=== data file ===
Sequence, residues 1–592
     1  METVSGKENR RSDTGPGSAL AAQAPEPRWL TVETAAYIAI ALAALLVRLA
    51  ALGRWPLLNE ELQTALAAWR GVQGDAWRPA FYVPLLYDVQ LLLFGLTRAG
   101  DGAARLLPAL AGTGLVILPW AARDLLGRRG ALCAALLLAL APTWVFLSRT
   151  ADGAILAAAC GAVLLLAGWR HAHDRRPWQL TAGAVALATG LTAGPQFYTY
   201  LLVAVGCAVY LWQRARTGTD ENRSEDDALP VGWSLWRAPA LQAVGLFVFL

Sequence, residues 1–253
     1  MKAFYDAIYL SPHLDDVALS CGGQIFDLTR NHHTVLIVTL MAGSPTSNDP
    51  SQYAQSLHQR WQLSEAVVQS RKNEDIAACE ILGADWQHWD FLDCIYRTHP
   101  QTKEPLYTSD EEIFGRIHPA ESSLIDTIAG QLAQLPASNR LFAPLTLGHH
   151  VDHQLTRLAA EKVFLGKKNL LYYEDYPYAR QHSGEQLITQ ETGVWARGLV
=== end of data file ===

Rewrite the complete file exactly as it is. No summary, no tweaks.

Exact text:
Sequence, residues 1–592
     1  METVSGKENR RSDTGPGSAL AAQAPEPRWL TVETAAYIAI ALAALLVRLA
    51  ALGRWPLLNE ELQTALAAWR GVQGDAWRPA FYVPLLYDVQ LLLFGLTRAG
   101  DGAARLLPAL AGTGLVILPW AARDLLGRRG ALCAALLLAL APTWVFLSRT
   151  ADGAILAAAC GAVLLLAGWR HAHDRRPWQL TAGAVALATG LTAGPQFYTY
   201  LLVAVGCAVY LWQRARTGTD ENRSEDDALP VGWSLWRAPA LQAVGLFVFL

Sequence, residues 1–253
     1  MKAFYDAIYL SPHLDDVALS CGGQIFDLTR NHHTVLIVTL MAGSPTSNDP
    51  SQYAQSLHQR WQLSEAVVQS RKNEDIAACE ILGADWQHWD FLDCIYRTHP
   101  QTKEPLYTSD EEIFGRIHPA ESSLIDTIAG QLAQLPASNR LFAPLTLGHH
   151  VDHQLTRLAA EKVFLGKKNL LYYEDYPYAR QHSGEQLITQ ETGVWARGLV